Probably my biggest weakness is my grip strength. That’s why I always check out anything Jedd Johnson has to say on the subject. He is the master when it comes to this topic and today I have an awesome guest post from the man, himself. Check it out…
Grip and Forearm Strength is an important aspect for anyone who trains with weights or competes in sports. This is true for many reasons.
Grip Strength helps your other lifts go up, in turn improving your weights lifted. The way this happens is by a concept called Radiant Tension.
To demonstrate this, let’s look at the bench press. When you bench, the more stable the bar is the better. With a strong grip on the bar, you will have better control of it throughout the length of the bar path. The way Radiant Tension works is when your hand squeezes onto the bar, tension begins to radiate through your wrist, down your forearm, across the elbow and into the shoulder. This tension helps you get more weight and more repetitions in your set.
To test this, lie down on the bench and perform the movement with your hands relaxed around the bar. You’ll see that the bar path can be very erratic this way because you are too loose. This lack of tension can turn into lack of control and at the least can hold you back in your training. At worst, it could cause you to get hurt.
Now perform the bench press with your grip tight on the bar, extending the tension down through your arms and into your torso. You will feel much more stable and more in control of the bar. I bet your lifts will go up at least 10 to 20 pounds just by using radiant tension, if you haven’t been already.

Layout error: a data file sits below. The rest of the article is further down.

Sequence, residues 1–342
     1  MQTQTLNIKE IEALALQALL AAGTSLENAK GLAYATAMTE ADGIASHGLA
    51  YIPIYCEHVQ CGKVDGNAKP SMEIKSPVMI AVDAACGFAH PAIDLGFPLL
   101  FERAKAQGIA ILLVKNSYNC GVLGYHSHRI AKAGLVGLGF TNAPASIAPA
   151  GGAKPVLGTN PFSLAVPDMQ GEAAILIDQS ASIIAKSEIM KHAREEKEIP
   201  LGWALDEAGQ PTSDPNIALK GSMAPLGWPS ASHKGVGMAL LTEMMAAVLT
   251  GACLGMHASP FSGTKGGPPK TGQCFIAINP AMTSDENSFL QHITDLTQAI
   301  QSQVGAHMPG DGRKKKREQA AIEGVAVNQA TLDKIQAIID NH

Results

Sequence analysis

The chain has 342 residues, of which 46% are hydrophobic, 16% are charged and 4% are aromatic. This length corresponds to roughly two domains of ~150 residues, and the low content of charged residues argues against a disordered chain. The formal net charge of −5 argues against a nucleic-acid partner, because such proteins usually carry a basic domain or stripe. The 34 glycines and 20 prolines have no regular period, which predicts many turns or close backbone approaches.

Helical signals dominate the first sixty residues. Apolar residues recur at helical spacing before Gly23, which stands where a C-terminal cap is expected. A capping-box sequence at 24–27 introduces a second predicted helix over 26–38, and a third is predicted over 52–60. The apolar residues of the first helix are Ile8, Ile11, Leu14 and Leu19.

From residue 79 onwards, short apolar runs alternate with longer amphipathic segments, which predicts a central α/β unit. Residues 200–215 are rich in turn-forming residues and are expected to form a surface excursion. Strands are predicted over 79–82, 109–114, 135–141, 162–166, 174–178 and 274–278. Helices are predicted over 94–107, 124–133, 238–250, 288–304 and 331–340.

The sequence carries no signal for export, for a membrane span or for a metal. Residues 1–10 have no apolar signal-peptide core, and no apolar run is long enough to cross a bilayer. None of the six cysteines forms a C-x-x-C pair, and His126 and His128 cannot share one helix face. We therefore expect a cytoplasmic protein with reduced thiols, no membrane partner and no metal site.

Remember when Stafon Jackson dropped the bar across his throat last Fall while performing the bench with a false grip? NOT GOOD! The fingers and thumb need to be wrapped around the bar in order to create the appreciable amount of tension necessary to initiate the irradiation effect down through the arms and into the torso.
This same radiant tension is produced by the hands for other lifts such as Overhead Lifts, Squats and Deadlifts. In other words, by building grip strength, we can increase our performance on the big lifts in the gym, which in turn can help us when we compete at sports like Baseball, Basketball, Football, etc.
Speaking of sports, Grip and Forearm Training is important there, too. Obviously if we participate in a sport where we have to hold or throw balls or swing a bat, stick or club, then the hands are highly involved. Baseball, Basketball, Football, Rugby, Golf, etc are all sports with a heavy involvement of the hands, so training the hands must be done the right way for maximum benefit.
But don’t think just going into the gym and hitting some Wrist Curls at the end of the workout or squeezing on some Tennis Balls is going to give you the Grip and Forearm power you need for high performance and aesthetics. You have to hit the elbows, forearms, wrists, hands, fingers and thumbs systematically with a balanced approach. Training everything the right way will get you strength gains and improve your performance at your sport. Doing the same stuff all the time, however, can lead to imbalances which cause your strength levels to go down and even result in discomfort and injury.
To help you out with this, I have designed an ebook that will show you how to build Grip and Forearm Strength the right way, without setting you up for injury. This manual is called Ultimate Forearm Training for Baseball. In it I show you how to use Grip Strength Training to hit the ball farther, throw the ball harder, and become more resilient against injury.
Not a ball player? No problem. These exercises and workouts will apply to everybody. The book is loaded with tricks to build your own equipment and includes a lot of information specifically for baseball, but the 200+ pages of exercises will enable everyone from the pro athlete to the serious fitness enthusiast, and even the weekend warrior to train the Grip and Forearms effectively for size, strength and performance.
For more information, click the link to check out Ultimate Forearm Training for Baseball.
Thanks and all the best in your training.